[In the words of another member of the delegation in regard to the time when the Haganah was turning in wanted Irgun members,] There was resentment in the Irgun about the wanted [men] to fight back against the Haganah. This would mean civil war. Begin said the decision was up to the eight [commanders]. They could fight back against the Haganah if they wanted. If they did that they might destroy the nation. Or if they didn't make that choice, then the Irgun might itself be destroyed. It was a dramatic scene as Benjamin described it. Here in their hands eight men held perhaps the destiny of a nation. Could they fight back against the Haganah or should they risk their own destruction and perhaps with that destruction the one factor that would drive the British out of Israel.

The thing that made their minds up for them were the other words that Begin said. Solemnly he told them if you decide to fight against the Haganah, you will fight without me. I will walk out now and you are free to choose from among yourselves a new commander. The choice is yours – civil war and disunity among all our people without me at your side, or my continuation as commander and the avoidance of bloodshed among our own people. We have but one enemy and that enemy is Britain.
Menachem Begin was asked at the Newark press conference a question "Of what significance is the proposed acceptance of the state of Israel in the UN to the Freedom party [the Herut Party] and to the future of the state of Israel?" He answered, "I don't think it will be accepted and if it will be it will not be to the advantage of Israel because it can only be on a compromise basis and it will necessitate the surrender of additional territory by the Israeli government. …The UN has shelved the application for membership, but due to the difference in time, the shelving was not known then.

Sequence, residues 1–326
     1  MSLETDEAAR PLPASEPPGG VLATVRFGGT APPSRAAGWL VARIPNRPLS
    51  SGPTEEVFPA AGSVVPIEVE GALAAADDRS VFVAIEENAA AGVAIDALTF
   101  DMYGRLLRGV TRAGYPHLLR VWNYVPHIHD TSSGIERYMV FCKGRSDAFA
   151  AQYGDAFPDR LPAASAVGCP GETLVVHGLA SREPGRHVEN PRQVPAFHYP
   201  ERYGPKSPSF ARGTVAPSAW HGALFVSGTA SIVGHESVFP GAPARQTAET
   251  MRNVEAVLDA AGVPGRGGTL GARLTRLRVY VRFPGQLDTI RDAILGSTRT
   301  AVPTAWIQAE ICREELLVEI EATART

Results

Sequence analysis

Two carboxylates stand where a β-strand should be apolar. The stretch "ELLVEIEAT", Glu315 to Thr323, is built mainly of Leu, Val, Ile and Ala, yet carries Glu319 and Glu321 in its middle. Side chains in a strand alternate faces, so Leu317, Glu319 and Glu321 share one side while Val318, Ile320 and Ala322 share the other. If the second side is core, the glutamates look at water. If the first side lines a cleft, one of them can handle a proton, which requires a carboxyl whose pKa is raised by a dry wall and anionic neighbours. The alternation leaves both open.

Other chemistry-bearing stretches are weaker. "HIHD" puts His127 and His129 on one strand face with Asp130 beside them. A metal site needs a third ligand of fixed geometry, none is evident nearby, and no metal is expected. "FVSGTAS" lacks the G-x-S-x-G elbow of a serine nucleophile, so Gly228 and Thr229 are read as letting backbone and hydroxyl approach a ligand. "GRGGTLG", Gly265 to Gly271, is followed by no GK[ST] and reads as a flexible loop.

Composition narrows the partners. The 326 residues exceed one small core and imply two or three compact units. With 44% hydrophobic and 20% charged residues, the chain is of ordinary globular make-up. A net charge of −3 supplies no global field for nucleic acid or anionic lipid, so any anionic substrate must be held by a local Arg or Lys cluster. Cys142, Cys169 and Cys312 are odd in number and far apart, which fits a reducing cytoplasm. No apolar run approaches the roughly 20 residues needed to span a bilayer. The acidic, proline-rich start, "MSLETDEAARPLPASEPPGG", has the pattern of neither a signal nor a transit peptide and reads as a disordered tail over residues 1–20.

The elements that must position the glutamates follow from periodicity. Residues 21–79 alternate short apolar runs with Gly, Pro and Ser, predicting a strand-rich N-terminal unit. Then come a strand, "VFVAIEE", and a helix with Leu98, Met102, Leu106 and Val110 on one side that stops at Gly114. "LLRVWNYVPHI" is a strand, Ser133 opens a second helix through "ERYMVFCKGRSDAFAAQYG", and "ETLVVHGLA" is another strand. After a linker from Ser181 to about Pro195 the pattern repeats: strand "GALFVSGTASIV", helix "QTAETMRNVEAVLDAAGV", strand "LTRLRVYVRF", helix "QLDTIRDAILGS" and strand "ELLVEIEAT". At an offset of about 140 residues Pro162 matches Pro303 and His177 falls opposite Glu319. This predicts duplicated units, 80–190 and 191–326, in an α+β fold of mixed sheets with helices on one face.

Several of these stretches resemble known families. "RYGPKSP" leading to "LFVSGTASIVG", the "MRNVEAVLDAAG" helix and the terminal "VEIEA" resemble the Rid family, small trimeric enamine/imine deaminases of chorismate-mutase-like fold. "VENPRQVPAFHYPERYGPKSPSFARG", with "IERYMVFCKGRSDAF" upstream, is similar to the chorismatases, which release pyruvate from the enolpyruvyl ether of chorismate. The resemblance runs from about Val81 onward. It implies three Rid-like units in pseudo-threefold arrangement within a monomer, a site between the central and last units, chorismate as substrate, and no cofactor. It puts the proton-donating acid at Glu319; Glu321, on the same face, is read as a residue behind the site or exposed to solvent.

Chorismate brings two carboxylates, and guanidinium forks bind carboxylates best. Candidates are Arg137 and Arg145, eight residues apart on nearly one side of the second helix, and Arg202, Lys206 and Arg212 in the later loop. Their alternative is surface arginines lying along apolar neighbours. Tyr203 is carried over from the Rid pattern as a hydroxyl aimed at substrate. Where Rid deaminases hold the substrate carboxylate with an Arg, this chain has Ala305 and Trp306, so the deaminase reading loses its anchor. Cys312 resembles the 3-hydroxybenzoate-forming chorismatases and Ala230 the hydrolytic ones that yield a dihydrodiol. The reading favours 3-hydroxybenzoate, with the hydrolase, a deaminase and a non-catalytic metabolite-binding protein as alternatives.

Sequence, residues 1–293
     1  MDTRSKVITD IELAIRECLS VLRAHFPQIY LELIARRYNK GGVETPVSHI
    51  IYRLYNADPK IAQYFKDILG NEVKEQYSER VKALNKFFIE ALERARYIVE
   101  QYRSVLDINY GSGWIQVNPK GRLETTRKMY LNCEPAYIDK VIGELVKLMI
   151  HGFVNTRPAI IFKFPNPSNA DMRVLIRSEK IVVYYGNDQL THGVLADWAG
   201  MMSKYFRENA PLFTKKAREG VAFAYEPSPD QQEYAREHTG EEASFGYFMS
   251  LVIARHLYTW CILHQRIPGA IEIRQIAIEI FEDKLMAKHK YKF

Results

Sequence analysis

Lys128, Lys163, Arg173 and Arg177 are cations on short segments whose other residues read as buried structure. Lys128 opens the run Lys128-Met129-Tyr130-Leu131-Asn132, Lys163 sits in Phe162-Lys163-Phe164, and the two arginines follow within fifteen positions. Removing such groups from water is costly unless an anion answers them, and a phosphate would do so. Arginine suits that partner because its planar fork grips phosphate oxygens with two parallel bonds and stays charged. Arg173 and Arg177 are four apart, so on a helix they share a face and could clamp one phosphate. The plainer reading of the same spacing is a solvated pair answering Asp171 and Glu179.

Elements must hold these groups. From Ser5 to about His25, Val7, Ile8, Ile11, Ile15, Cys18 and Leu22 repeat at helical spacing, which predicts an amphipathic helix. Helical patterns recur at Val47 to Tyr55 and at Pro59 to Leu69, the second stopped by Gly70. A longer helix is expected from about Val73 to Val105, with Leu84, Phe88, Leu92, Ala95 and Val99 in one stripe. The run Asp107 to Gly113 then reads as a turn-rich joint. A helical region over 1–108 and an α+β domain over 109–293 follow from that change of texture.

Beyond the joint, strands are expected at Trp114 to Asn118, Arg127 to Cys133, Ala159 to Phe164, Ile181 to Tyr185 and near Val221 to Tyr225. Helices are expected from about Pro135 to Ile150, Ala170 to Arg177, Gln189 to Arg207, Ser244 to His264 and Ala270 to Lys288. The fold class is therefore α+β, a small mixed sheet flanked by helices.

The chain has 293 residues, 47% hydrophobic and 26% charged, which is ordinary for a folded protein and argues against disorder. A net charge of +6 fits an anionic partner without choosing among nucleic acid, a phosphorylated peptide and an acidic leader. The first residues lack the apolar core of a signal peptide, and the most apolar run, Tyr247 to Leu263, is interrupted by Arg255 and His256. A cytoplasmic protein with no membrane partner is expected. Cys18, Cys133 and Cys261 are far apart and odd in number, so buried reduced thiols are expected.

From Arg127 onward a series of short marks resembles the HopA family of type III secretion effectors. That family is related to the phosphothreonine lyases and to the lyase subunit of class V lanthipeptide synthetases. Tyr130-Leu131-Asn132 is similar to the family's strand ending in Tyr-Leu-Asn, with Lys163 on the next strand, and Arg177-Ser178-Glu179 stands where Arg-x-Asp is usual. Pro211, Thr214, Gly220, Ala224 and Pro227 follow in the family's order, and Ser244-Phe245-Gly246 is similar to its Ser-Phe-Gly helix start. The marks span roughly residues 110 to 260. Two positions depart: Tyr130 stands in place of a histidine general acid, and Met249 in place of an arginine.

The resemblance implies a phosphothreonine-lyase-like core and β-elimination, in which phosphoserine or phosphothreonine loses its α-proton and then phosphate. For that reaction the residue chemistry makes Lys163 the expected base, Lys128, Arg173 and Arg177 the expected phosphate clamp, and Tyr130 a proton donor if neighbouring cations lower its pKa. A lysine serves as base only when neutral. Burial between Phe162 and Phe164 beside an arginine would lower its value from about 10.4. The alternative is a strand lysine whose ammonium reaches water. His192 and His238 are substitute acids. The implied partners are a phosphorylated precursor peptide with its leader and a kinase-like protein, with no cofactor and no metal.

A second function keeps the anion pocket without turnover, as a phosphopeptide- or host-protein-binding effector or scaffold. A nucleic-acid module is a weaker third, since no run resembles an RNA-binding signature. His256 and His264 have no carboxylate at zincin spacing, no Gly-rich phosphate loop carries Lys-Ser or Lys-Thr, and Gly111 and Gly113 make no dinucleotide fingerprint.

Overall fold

December is a very special time in Jerusalem. For the third year in a row, the Menachem Begin Heritage Center has participated in the initiative—Hamshooshalayim--of the Jerusalem Municipality to encourage tourism to Jerusalem in December. "Hamshoosh" refers to the Israeli slang term of a long weekend—Thursday, Friday, Saturday (i.e., Hamishi, Shishi, Shabbat). For three weekends in December, entrance to many museums, tourist sites and other entertainment options are free of charge or at a discount. On Fridays, many special walking tours of the city are provided, some of which are free of charge and some at a discount. Both English and Hebrew tours are available.

The Begin Center was fully booked last Thursday night from 9:00pm to 12:30am and is fully booked for the next two weeks. So many people requested reservations that due to limited space in the museum, some were unfortunately unable to get a reservation.
Not only tourists from abroad attend Hamshooshalayim events. Many people have come from all over Israel to participate. And many of those people have come especially to the Begin Center.